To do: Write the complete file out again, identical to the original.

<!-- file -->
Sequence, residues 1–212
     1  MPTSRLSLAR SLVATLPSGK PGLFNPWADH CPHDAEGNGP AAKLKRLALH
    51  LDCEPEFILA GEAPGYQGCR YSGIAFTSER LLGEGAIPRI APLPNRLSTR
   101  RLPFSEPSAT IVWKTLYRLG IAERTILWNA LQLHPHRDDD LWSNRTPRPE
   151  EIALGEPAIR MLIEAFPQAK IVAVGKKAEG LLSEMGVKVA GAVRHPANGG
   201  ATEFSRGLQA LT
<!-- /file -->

Sequence, residues 1–212
     1  MPTSRLSLAR SLVATLPSGK PGLFNPWADH CPHDAEGNGP AAKLKRLALH
    51  LDCEPEFILA GEAPGYQGCR YSGIAFTSER LLGEGAIPRI APLPNRLSTR
   101  RLPFSEPSAT IVWKTLYRLG IAERTILWNA LQLHPHRDDD LWSNRTPRPE
   151  EIALGEPAIR MLIEAFPQAK IVAVGKKAEG LLSEMGVKVA GAVRHPANGG
   201  ATEFSRGLQA LT